The far-right firebrand Steve Bannon caused a stir with the news that he was launching a European foundation. Since then, little has happened. Have his partners, especially in Eastern Europe, lost interest?
Not much has happened since Steve Bannon, the far-right populist and former strategist for US President Donald Trump, launched his Brussels-based foundation, the Movement. The news initially made quite the stir in Europe, with headlines such as "Bannon Boarding Europe." Now, there is silence, particularly in countries in Eastern Europe currently led by right-wing governments.
The Movement has not been a topic of media or political discussion in Poland, the Czech Republic, Slovakia — not even in Hungary. At least not until Bannon’s visit to Prague Castle on Monday, where he met a German politician with Czech roots from the far-right Alternative for Germany (AfD) party. Of course, photos were taken of the two together and spread through social media. It seems they had one primary goal: grab headlines.
Since the controversial Helsinki summit between Trump and Russian President Vladimir Putin, right-wing nationalists in Eastern and Central Europe seem to be keeping their distance from their US counterparts, particularly the government in Warsaw. The current rapprochement between right-wing circles in the US and Putin is suspect to many Poles. The Polish ruling Law and Justice (PiS) party and its chairman, Jaroslaw Kaczynski, traditionally keep Moscow at arm's length.
Hungarian Prime Minister Viktor Orban, meanwhile, is giving the impression that the solidarity he is aiming for with other right-wing European politicians, such as France's Marine le Pen and especially Italian Interior Minister Matteo Salvini, should be brokered by one person: him.
€20,000 for a Bannon speech
In Hungary, the support of someone like Bannon would instead be more like a disruption. It is also possible that the connections between right-wing US ideologues and Budapest are simply less extensive than many thought. Bannon's contact in Hungary is Maria Schmift, an Orban ally and leader of the House of Terror museum, which deals with the crimes of communist regimes in Eastern Europe and especially Hungary.
In May, she invited Bannon to a conference about the "future of Europe." In the cafes of Budapest, rumors spread that Bannon received a fee of €20,000 ($23,000) for his speech. The conference was financed with money from Hungarian tax coffers.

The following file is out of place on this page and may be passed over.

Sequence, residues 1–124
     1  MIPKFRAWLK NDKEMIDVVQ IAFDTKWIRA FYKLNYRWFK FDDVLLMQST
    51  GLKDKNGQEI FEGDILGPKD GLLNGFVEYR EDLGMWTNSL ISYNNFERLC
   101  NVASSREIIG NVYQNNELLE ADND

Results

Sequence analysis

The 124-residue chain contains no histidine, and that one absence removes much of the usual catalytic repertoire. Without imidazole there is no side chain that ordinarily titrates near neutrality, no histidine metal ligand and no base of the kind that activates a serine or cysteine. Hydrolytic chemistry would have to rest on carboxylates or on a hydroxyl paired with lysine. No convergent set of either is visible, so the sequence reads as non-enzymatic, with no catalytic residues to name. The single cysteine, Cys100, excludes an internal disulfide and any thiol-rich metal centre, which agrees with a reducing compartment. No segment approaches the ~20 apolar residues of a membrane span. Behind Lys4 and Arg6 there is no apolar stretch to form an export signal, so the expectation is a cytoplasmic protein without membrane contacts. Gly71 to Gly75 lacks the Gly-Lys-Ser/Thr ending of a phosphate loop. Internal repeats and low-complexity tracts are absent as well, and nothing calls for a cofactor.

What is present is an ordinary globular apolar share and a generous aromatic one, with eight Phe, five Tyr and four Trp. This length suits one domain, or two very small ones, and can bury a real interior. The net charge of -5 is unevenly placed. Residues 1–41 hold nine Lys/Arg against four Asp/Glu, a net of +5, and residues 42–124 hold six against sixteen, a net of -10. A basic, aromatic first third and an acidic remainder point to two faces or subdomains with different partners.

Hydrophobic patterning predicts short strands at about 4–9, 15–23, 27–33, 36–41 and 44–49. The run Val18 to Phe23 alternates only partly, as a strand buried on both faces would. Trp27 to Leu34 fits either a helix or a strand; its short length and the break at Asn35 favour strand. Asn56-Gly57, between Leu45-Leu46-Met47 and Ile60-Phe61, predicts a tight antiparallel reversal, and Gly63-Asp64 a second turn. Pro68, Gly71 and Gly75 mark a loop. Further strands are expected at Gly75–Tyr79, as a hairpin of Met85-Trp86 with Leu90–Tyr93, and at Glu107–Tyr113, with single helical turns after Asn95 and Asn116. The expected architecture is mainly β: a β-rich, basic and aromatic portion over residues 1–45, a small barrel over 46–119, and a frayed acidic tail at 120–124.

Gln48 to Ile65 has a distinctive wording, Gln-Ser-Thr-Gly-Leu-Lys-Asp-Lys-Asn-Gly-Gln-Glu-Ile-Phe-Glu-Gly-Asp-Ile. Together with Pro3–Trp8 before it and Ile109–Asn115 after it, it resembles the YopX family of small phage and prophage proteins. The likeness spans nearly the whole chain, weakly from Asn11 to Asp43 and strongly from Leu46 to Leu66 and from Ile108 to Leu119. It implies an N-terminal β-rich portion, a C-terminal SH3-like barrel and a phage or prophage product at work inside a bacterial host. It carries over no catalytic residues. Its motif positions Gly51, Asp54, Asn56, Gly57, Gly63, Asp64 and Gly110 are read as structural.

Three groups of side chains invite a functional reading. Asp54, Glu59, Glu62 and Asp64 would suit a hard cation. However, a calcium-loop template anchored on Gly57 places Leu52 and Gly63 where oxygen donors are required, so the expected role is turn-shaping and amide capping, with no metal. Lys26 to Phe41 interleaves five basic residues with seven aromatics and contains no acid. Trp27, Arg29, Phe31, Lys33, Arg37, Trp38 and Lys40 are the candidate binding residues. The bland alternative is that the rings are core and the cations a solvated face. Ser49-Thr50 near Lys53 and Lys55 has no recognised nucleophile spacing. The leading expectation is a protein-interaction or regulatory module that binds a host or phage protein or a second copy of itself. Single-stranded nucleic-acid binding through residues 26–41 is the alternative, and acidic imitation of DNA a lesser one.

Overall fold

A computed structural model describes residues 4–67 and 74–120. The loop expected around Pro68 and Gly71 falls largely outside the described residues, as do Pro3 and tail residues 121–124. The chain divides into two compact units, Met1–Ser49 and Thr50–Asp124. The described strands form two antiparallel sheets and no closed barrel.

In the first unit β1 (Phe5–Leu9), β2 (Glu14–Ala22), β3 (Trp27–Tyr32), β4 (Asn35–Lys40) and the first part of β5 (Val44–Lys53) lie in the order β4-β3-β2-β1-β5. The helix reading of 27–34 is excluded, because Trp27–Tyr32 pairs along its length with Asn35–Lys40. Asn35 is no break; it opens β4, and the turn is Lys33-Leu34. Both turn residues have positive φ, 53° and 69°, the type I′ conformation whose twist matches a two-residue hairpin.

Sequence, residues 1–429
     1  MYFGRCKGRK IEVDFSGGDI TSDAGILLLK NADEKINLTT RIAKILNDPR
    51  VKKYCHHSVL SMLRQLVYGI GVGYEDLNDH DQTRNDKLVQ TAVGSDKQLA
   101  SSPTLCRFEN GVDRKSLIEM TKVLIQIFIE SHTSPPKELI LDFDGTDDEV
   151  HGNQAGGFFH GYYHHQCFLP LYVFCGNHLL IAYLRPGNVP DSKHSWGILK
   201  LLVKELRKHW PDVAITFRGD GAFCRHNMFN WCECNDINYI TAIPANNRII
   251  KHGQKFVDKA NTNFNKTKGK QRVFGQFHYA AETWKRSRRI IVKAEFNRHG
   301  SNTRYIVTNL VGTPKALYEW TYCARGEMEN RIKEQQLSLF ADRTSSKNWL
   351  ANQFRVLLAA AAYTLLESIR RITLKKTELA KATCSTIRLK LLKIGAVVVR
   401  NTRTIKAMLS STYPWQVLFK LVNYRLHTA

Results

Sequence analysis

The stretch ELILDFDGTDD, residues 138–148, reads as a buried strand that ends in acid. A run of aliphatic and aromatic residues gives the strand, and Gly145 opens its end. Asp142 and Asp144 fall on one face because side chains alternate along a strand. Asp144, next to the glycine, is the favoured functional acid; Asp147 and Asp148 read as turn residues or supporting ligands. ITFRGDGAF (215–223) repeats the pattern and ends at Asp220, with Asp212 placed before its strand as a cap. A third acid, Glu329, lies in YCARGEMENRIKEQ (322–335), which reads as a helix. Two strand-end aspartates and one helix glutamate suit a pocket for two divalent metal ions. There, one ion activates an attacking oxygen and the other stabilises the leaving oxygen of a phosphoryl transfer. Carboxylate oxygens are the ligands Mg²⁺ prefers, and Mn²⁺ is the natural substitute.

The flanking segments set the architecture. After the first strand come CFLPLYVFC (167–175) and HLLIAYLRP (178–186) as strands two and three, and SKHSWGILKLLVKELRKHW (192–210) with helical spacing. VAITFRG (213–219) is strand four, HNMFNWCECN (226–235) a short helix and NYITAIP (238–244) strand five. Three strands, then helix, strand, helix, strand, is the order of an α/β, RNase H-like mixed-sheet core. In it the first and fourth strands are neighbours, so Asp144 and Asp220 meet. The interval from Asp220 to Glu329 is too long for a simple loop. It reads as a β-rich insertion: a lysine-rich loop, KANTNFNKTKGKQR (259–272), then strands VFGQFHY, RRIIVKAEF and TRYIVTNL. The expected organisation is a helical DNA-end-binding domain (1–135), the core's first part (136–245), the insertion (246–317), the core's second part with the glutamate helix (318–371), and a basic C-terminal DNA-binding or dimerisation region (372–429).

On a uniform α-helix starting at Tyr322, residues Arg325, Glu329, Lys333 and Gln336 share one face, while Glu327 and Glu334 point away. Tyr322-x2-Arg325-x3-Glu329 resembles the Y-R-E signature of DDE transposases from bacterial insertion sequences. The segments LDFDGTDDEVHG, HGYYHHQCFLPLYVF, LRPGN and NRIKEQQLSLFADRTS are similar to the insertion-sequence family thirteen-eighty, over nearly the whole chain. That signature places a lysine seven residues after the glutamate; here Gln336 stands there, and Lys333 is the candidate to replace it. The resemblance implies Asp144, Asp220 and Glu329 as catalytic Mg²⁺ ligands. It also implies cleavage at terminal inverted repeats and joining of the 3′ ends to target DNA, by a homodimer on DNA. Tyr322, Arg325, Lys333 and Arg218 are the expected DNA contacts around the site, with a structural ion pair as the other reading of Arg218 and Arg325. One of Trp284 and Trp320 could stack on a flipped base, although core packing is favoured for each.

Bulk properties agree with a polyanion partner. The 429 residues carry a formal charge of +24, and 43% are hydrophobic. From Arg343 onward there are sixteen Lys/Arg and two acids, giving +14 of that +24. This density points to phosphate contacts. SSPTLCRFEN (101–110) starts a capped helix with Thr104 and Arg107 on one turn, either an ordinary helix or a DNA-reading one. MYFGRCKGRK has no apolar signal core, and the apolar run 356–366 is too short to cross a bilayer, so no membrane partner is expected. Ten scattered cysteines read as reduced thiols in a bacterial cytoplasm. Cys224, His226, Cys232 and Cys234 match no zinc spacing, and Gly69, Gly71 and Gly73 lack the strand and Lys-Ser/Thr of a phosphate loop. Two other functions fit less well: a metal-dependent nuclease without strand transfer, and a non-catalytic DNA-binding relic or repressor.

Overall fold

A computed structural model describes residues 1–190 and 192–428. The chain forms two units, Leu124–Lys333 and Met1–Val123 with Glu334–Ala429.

Some sources contend that Bannon's Hungarian connection primarily runs through a former deputy assistant to Donald Trump: Sebastian Gorka, a US citizen with British-Hungarian roots. Gorka frequently appears on the right-wing US television channel Fox News as a security analyst. Together with Bannon, Gorka was part of Trump's campaign and moved to the White House after winning the election — and then quickly moved back out.
Founded in 2017?
The Movement was reportedly founded in January 2017, not last summer — and not by Bannon, but by Brussels lawyer and politician Mischael Modrikamen. He represents the Parti Populaire, a party with some far-right factions; and though it is a national party in Belgium, it receives most of its votes in the French-speaking region of Wallonia.
In an interview with DW, Modrikamen said that in 2017 he tried to get in contact with Bannon and Trump's transition team. He wrote a letter suggesting that "The Movement should have a presence worldwide," said Modrikamen. "But at the time they didn't really respond."
Then, he was approached this summer by far-right British politician Nigel Farage, a key figure in the push for Brexit and a member of European Parliament for the euroskeptic party UKIP. "Then we met for lunch in London," Modrikamen said. Steve Bannon was also there, a short time afterwards making headlines with the announcement to establish a foundation in Brussels.
The aim of The Movement, says Modrikamen, "is to coordinate and connect the populist movements in order to develop common positions."
First Europe, then the world?
Now the foundation plans to focus on Europe, "and perhaps also become active worldwide," according to Modrikamen. He listed potential locations, including Israel, India, Australia, Latin America and Japan.
Financing for the foundation will come from private hands. "American donors, but also elsewhere," said Modrikamenr.
When the plans were presented in July, they said they wanted to model the organization after the Open Society Foundations founded by George Soros. The American-Hungarian philanthropist and former stockbroker supports initiatives in Eastern Europe working for open, democratic civil societies. The Movement is to be positioned as a conservative-nationalist rival of the liberal Soros foundations.
Whether anyone has yet been willing to donate money to The Movement is unclear. When asked about the donors of the foundation, Modrikamen replied brusquely: "Bannon will take care of that, but we can't yet talk about our backers."
The fact that Bannon is whipping up headlines once again, like this past Monday in Prague, could be part of a promotional tour for potential sponsors.
In the meantime, another right-wing populist is particularly busy in Europe: Hungary's Orban. He illustrated that most recently in the European Parliament, as the body voted on whether to initiate proceedings against Hungary under Article 7 of the EU treaty. It would be invoked in response to the Orban government's ongoing dismantling of the rule of law in his country. Theoretically, it could strip Hungary of its right to vote in the EU. In his speech, Orban claimed the allegations were all "lies and inventions," and that Hungary is only being punished for its refusal to accept migrants coming to Europe. With his speech, Orban was able to advertise his right-wing populist politics and draw attention to the idea of an "illiberal" society in Europe. And for that, he found a much bigger stage than Bannon's.